Only in this pandemic era would the results of a clinic trial be a major news story, but here we are: Moderna, a U.S. pharmaceutical firm, says its latest data show its proposed COVID-19 vaccine is 94.5 per cent effective.
In more good news, the proposed vaccine shows no ill side effects so far and can remain stable at normal refrigeration temperatures for a month – which will greatly help distribution, if the medicine is eventually approved by health regulators.
It follows news from Pfizer that their vaccine candidate is also progressing through trials successfully.
Both companies are among the drugmakers that Canada has signed deals with to secure millions of doses of supply when the time comes.
Today’s announcement offers hope that we are moving one step closer to eventually finding a way out of the months-long public-health emergency we are in.
That said, the journey to widespread vaccine use will not be easy. Canada is in the middle of a rapidly worsening COVID situation, and new cases and hospitalizations continue to climb. Infectious-disease experts are urging governments to enact new lockdowns to push case counts down to zero.
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Bob Rae, the Canadian ambassador to the United Nations, said on the weekend that what the Chinese government has done to Uyghur people would fit the definition of genocide. A Chinese spokesperson, in turn, said no, it’s Canada that is committing genocide.
The Liberal government says it plans to require broadcasters to include Indigenous programming, as part of the reforms being made to the Broadcasting Act. “One could argue that it is one of the main elements of the reform to correct this historical mistake,” Heritage Minister Steven Guilbeault told The Globe.
The Federation of Canadian Municipalities is asking the federal government to dramatically increase spending on a program that buys out struggling hotels and turns them into affordable housing.
The House of Commons finance committee may soon be able to get back to work, after the Liberals have agreed to end a weeks-long filibuster by providing more unredacted documents related to WE Charity.
Two independent expert reports say that solitary confinement has continued at Canadian prisons, despite a new government policy put in place last year to end the practice.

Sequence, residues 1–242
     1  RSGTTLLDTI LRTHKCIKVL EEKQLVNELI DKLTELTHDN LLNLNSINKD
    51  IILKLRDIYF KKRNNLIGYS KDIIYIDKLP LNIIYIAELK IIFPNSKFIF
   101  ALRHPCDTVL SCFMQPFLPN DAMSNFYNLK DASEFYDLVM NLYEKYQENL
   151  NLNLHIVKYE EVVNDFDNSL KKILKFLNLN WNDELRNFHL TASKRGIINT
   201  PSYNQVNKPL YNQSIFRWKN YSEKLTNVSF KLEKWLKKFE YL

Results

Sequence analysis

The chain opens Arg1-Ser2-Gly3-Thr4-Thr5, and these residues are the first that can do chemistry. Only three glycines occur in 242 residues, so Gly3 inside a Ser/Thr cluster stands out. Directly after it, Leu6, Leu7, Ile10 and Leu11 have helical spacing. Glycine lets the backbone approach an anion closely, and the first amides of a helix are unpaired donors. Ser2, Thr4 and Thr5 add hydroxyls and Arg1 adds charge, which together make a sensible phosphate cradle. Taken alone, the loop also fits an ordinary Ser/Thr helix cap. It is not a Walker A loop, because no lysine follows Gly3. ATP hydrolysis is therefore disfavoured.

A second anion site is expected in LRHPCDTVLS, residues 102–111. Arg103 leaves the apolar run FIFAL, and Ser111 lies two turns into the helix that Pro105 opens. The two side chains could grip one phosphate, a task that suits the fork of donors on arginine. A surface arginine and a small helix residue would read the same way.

New documents shed light on how Canada helped rescue the White Helmet volunteer medics from Syria – but raise questions about why 10 people and their families have been left behind.
And former U.S. president Barack Obama has a new book coming out this week: A Promised Land, the first part of his two-part presidential memoirs. In a Q-and-A with The Atlantic, Mr. Obama describes what he sees as a democracy under threat by conspiracy theories spread by a fragmented media landscape and accelerated, though not began, by Donald Trump, whom he at one point refers to as a “carnival barker.” “If we do not have the capacity to distinguish what’s true from what’s false,” he says, “then by definition the marketplace of ideas doesn’t work.”
Campbell Clark (The Globe and Mail) on attempts to make U.S. president-elect Joe Biden change his mind about Keystone XL: “Both the feds and Alberta government privately think saving the pipeline is a long shot. There are glimmers of hope: The project has significant union backing, and Mr. Biden is closely allied with labour. But the president-elect’s campaign promise was unequivocal. And many Democrats support it.”
Craig Alexander (The Globe and Mail) on planning for an economic recovery: “However, the current crisis also creates an opportunity to fundamentally rethink public policy as a catalyst for long-term prosperity. It is not adequately understood that Canada was not on the path to prosperity before the pandemic. An aging work force, low investment and poor productivity meant the sustainable pace of economic growth over the next decade would be only 1.7 per cent a year. As a result, the improvement in Canadians' standard of living would be slow. But bold policy changes now can create stronger sustained growth.”
Erna Paris (The Globe and Mail) on when freedom has limits: “Like the French, many Americans hold rigid commitments to absolute free speech – and to freedom in general. But it is precisely this foundational ideology of libertarian freedom that is propelling what was the world’s most admired nation into tragedy.”
Jean Teillet (The Globe and Mail) on enduring calls to pardon Louis Riel, her great granduncle: “The Métis Nation has never sought state clemency for Riel because, in their view, Riel doesn’t need exoneration. Canada does. Canada would not be exonerating Riel. It would, like Trump’s pardon, be exonerating itself. Perhaps the better move would be for the Métis Nation, in the spirit of reconciliation, to convene a process to consider exonerating Canada.”